So if ptichfork media is a dud and your looking for something a little more open minded then I have two sites that are interesting. The first is www.adriandenning.co.uk that has very well written reviews over there. The other site is www.iso50.com where he posts up his music he likes instead of bashing the music he hates. I think it's much better for the love vibe anyways.

The ramblings of a po broke man trying to make it in Vancity.

http://www.youtube.com/watch?v=h9vAOzYz-Qs

First off, go there to watch the cool new video for the Gorillaz latest single Stylo.

I enjoy Ewen McGregor, not a huge fan, but do like Trainspotting and watch him in the Star Wars movies where he prolly had the least cringe inducing dialogue of any of the main characters. I heard a few years back about his motorcycle trips that he documented, and then was reaquainted with them when I saw him on Letterman a few weeks ago. Well, I've been watching the first trip he made called Long Way Round and it is fantastic so far. The idea of the journey was to drive from London to New York travelling east on a motorcycle (specially made BMW's) and only flying from Eastern Russia over to Anchorage to continue the North American leg. I'm on episode 2 (of 10) and basically it details all the preparations that need to be made for a trip of this magnitude, and introduces us to the crew, including his friend and travelmate Charlie Boormann. So far they haven't even taken off yet and i'm hooked, so if your interested in following it check out the website at www.longwayround.com. I also think you can watch it on youtube and prolly pick it up at your local library.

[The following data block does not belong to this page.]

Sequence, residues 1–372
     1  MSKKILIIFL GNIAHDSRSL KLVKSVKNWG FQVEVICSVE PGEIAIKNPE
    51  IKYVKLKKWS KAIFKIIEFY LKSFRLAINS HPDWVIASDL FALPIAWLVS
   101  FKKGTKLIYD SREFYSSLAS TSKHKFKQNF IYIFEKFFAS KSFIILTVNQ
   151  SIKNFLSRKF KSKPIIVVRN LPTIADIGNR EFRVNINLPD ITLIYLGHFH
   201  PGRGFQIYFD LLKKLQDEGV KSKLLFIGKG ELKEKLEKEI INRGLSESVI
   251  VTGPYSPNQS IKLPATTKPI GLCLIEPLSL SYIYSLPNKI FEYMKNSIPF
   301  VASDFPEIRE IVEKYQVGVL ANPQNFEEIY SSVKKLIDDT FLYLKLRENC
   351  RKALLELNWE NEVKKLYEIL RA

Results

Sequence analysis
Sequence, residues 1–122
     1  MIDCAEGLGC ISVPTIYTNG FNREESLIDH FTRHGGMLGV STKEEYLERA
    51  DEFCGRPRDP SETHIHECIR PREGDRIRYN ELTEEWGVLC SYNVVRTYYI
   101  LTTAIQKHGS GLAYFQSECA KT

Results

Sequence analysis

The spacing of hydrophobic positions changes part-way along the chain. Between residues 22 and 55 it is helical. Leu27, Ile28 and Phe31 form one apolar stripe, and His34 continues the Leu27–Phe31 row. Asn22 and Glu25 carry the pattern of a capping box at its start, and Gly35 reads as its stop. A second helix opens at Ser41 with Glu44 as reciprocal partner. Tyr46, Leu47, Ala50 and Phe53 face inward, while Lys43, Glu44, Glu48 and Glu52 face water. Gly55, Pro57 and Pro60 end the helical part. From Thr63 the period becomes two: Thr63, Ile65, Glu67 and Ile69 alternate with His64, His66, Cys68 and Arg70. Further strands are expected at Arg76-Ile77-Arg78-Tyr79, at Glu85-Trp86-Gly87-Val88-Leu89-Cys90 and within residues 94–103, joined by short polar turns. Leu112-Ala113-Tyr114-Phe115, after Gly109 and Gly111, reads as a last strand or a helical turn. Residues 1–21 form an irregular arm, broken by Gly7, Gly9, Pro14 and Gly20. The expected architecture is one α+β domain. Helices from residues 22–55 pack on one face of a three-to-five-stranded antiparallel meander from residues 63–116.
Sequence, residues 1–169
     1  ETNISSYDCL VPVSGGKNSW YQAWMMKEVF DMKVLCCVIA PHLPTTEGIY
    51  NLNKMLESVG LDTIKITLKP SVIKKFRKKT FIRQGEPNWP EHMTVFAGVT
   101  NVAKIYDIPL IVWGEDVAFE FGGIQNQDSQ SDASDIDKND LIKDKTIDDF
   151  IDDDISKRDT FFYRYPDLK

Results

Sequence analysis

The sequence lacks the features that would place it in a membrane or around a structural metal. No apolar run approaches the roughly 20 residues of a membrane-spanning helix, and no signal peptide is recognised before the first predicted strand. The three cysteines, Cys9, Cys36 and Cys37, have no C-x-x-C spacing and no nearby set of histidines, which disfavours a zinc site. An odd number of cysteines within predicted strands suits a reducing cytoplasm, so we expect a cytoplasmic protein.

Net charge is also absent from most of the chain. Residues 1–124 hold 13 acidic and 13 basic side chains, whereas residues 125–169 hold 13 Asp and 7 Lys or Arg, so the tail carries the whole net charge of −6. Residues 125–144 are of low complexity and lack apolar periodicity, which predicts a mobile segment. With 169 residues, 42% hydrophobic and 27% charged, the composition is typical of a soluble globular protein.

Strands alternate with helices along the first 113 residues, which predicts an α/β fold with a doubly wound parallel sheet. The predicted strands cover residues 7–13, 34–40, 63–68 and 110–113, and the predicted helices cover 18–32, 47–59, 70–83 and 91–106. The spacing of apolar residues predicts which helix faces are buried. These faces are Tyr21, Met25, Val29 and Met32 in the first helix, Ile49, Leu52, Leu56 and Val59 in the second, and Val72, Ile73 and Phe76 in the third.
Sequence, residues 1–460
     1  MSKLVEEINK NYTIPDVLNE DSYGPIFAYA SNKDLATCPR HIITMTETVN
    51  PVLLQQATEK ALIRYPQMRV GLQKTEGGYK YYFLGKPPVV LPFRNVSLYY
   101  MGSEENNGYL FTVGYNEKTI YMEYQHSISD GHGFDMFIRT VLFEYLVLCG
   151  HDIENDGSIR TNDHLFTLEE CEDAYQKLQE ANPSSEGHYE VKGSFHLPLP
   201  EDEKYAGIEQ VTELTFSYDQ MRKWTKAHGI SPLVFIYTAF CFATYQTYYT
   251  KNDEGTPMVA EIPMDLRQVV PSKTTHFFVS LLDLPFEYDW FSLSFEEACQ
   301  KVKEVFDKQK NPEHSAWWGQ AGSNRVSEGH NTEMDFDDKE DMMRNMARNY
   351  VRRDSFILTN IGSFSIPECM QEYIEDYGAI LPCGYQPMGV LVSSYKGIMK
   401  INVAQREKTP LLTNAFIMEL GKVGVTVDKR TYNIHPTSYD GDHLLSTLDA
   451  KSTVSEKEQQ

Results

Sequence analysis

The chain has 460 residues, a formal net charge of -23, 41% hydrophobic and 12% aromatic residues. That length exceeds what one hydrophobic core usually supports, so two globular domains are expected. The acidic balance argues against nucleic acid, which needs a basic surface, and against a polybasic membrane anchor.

Note: Although it is a documentary about motorcycles there is some colourful language that isn't bleeped, so although it doesn't bother me, it might not be the best for children. It's hecka interesting though (and educational).